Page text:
Around Oxford Digital Humanities

Illuminating the Past: Czech Printed Images during the Reformation (c. 1450-1550) and the ‘e-ilustrace’ Database

A Presentation by Veronika Sladká

Recording of the session in the Taylor Institution Library, Room 2, on Wednesday, 8 November 2023

One hundred years before Martin Luther’s arrival, the Reformation had already established itself in One hundred years before Martin Luther’s arrival, the Reformation had already established itself in Bohemia, resulting in a significant aversion towards sacred images. Nevertheless, bibliographical records suggest that around 6,000 printed images had been disseminated through books in Bohemia up to 1550. The lecture explores the fascinating journey of visual narratives in the earliest printed books produced in the Czech lands. The discussion sheds light on how the medium of illustration was employed within these texts, and how it evolved alongside the burgeoning Reformation movement. It explores the foreign influences and patterns that shaped the images in Czech printed books, as well as some of the most richly illustrated works. Finally, the session presents “e-ilustrace”, a new online database of Czech printed images.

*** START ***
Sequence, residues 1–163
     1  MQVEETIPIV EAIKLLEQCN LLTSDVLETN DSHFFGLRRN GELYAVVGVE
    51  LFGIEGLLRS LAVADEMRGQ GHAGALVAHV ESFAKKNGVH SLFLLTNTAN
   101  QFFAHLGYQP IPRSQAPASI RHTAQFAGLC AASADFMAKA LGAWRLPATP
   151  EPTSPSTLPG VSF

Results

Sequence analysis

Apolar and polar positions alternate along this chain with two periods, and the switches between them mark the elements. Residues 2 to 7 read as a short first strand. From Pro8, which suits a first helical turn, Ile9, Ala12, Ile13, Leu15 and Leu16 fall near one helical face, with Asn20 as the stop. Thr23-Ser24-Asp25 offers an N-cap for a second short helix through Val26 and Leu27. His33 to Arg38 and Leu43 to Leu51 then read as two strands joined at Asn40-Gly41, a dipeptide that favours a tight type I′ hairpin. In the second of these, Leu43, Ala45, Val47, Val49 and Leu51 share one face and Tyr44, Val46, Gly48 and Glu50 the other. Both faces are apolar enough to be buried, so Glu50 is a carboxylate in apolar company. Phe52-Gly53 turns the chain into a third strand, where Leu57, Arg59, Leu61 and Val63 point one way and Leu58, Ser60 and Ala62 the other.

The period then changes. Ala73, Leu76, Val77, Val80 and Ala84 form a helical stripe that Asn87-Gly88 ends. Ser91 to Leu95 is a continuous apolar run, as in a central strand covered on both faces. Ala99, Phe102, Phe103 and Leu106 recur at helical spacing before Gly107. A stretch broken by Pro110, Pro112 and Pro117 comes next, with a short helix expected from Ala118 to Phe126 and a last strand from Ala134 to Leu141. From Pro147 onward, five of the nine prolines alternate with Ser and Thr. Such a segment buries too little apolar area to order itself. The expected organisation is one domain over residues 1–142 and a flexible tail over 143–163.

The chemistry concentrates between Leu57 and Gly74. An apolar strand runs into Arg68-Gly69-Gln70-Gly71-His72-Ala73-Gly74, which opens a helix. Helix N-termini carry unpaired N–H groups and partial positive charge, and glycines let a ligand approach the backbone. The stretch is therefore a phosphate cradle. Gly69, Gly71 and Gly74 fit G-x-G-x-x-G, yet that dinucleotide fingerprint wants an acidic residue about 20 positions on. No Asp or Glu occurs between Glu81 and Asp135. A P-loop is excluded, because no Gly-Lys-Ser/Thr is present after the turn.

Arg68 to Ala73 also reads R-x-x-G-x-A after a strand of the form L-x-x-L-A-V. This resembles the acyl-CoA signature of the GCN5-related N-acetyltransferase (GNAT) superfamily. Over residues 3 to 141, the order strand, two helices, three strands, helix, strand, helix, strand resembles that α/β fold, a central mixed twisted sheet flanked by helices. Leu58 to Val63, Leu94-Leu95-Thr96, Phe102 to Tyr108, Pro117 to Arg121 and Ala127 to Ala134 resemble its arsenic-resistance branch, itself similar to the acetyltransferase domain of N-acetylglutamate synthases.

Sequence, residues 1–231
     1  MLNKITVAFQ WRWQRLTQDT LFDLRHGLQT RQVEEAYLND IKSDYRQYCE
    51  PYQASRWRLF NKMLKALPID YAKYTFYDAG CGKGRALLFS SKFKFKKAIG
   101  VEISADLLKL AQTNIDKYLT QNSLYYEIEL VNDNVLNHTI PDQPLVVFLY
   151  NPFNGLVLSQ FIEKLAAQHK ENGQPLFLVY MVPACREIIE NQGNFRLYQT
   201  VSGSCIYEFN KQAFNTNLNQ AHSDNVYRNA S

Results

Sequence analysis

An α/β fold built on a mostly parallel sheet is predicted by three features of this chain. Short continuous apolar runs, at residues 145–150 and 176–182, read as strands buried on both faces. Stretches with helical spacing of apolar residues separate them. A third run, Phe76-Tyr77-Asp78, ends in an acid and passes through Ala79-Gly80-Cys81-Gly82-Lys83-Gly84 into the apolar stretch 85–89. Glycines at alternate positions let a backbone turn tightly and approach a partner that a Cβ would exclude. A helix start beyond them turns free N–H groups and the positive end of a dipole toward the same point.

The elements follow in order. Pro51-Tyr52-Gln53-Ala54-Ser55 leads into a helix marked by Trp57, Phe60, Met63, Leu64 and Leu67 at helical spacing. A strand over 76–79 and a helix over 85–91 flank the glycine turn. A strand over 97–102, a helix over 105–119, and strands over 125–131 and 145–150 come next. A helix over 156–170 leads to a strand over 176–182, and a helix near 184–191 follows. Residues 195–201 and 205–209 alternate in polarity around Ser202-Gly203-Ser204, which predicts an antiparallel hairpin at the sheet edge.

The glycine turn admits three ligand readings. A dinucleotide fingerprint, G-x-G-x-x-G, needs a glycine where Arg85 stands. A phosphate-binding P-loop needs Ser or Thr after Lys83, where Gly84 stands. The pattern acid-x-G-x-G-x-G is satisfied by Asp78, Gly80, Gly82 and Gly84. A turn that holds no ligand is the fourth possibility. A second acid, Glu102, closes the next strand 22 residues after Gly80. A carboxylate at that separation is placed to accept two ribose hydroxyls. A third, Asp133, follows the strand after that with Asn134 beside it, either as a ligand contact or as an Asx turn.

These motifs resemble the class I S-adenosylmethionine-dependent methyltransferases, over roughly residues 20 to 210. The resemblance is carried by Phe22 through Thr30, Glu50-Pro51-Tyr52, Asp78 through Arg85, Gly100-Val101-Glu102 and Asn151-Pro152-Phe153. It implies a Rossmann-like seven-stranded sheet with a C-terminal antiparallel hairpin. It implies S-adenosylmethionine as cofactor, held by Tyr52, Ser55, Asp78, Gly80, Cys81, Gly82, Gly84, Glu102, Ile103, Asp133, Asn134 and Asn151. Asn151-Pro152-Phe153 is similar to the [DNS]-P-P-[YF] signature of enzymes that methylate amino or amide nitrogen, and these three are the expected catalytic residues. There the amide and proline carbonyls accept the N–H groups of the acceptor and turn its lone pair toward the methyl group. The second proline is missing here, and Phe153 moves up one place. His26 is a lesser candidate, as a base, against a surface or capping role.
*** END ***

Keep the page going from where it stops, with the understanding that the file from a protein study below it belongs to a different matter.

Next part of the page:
More information on the preceding session which demonstrated the use of image matching technology with examples from the Taylor Institution Library can be found at the post Digital Tools for History of the Book: Image Matching

Veronika Sladká, a former curator of the rare book collection at St. Augustin Monastery Library in Prague, is a book historian at the Czech Academy of Sciences Library. She specializes in the history of printing and book design in 16th-century Czech lands, particularly focusing on publishing strategies during the Reformation and the printing activities of the Protestant community known as the Unity of Brethren. She is currently pursuing her PhD in Information Science at Charles University in Prague and has published several studies on the history of the Augustinian monastery library and the publishing strategy of the Bohemian Brethren. Her latest contribution to the compendium Printing and Misprinting: A Companion to Mistakes and In-House Corrections in Renaissance Europe (1450-1650) (ed. Geri Della Rocca de Candal, Anthony Grafton, Paolo Sachet, OUP 2022) focuses on the collaborative editorial and proofreading methods used by the Brethren’s bishops.

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